E.g., 02/27/2017
E.g., 02/27/2017

Open Windows, Closed Doors: Mutual Recognition Arrangements on Professional Services in the ASEAN Region

Reports
January 2017

Open Windows, Closed Doors: Mutual Recognition Arrangements on Professional Services in the ASEAN Region

Seeking to improve the intraregional mobility of workers in the tourism sector and six regulated occupations, the Association of Southeast Asian Nations (ASEAN) between 2005 and 2014 signed accords meant to speed the mutual recognition of professional and academic qualifications. By jointly setting standardized rules for mutual recognition and renouncing, in part or in full, national discretion to assess foreign qualifications, ASEAN Member States have potentially made it easier for professionals to have their qualifications recognized across the region.

Although these seven Mutual Recognition Arrangements (MRAs) share nearly identical objectives, they diverge significantly in terms of institutional structures, requirements, and procedures. This report compares the different approaches ASEAN Member States have taken to facilitate mutual recognition of qualifications within the region, the factors that shaped each MRA approach, and their tradeoffs and policy implications. The authors also examine how ASEAN can maximize the potential of MRAs to build and utilize human capital in the long term.

This report is one in a series produced through a research partnership between the Asian Development Bank and the Migration Policy Institute. The project aims to improve understanding of the barriers to the free movement of professionals within the ASEAN region and to support the development of strategies to overcome these hurdles.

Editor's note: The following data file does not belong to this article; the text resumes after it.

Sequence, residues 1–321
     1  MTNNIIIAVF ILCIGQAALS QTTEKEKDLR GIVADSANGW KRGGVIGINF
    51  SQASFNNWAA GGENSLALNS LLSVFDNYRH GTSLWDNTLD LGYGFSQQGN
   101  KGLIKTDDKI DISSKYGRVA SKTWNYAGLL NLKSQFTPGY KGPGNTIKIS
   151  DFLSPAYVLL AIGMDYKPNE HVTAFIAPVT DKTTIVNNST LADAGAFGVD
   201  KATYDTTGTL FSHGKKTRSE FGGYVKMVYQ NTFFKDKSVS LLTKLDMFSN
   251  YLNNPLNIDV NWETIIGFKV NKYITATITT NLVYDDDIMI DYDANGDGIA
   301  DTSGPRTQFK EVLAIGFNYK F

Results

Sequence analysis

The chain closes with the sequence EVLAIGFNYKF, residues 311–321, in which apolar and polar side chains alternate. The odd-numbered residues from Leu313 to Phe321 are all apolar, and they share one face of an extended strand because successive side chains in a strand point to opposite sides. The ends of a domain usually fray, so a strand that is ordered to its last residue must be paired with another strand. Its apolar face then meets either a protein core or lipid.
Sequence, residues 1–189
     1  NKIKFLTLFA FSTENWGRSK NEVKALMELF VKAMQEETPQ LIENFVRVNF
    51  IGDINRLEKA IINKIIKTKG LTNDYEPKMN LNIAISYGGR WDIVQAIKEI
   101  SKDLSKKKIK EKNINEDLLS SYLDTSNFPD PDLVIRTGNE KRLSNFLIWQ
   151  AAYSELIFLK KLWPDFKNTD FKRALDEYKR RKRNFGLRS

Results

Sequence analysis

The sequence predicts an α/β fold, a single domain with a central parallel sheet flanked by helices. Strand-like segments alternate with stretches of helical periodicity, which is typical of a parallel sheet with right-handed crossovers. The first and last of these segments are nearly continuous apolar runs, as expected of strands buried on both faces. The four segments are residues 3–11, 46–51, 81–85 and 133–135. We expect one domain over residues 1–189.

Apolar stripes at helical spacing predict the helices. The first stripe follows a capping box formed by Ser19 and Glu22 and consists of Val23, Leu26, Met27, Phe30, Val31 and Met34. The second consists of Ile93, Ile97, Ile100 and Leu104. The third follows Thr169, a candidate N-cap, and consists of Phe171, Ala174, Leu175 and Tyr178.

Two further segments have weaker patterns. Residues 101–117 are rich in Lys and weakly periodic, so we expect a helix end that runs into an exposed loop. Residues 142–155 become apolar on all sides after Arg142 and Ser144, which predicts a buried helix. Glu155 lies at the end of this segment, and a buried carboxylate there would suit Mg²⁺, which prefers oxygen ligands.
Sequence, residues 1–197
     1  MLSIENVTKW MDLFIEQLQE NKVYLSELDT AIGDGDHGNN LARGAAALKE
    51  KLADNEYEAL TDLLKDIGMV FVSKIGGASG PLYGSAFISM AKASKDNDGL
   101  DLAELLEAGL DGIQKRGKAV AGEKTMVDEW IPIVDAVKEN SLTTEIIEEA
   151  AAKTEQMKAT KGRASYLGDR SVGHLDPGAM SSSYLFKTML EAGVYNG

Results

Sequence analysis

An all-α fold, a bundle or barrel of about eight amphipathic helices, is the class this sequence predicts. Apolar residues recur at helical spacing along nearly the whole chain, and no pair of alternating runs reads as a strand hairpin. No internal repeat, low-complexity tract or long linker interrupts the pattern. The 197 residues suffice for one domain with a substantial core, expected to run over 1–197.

Table of Contents 

I. Introduction

II. A Comparison of ASEAN Mutual Recognition Arrangements along Five Dimensions

A. Degree of Automaticity of the Recognition Process

B. Degree of Delegation of Authority

C. Degree of MRA Scope

D. Degree of Institutionalization

E. Post-MRA Guarantees

III. The ASEAN Mutual Recognition Arrangements: Three Approaches to Mutual Recognition of Qualifications

IV. The Evolution of the ASEAN Mutual Recognition Arrangements: Factors Affecting Design

A. Presence of Preexisting Standards

B. Availability of Financial and Technical Resources

C. Public Safeguards and Differing Realities

D. Protectionist Concerns

V. Moving from Design to Implementation: Tradeoffs and Policy Implications of the Three Mutual Recognition Arrangement Approaches

A. Tourism: Completing the Missing Parts

B. Accountancy, Architecture, and Engineering: Increasing Scope and Strengthening the Regional Infrastructure

C. Health Professionals: Building Trust and Strengthening the National Infrastructure

VI. Looking into the Future: Maximizing the Potential of Mutual Recognition Arrangements as Tools for Building and Utilizing the Region’s Human Capital

A. Creating Synergy between Mutual Recognition Arrangements and the ASEAN Qualifications Reference Framework 

B. Linking the Mutual Recognition Arrangements with Existing Mobility Arrangements within ASEAN

C. Learning from the Current Batch of ASEAN MRAs

Appendices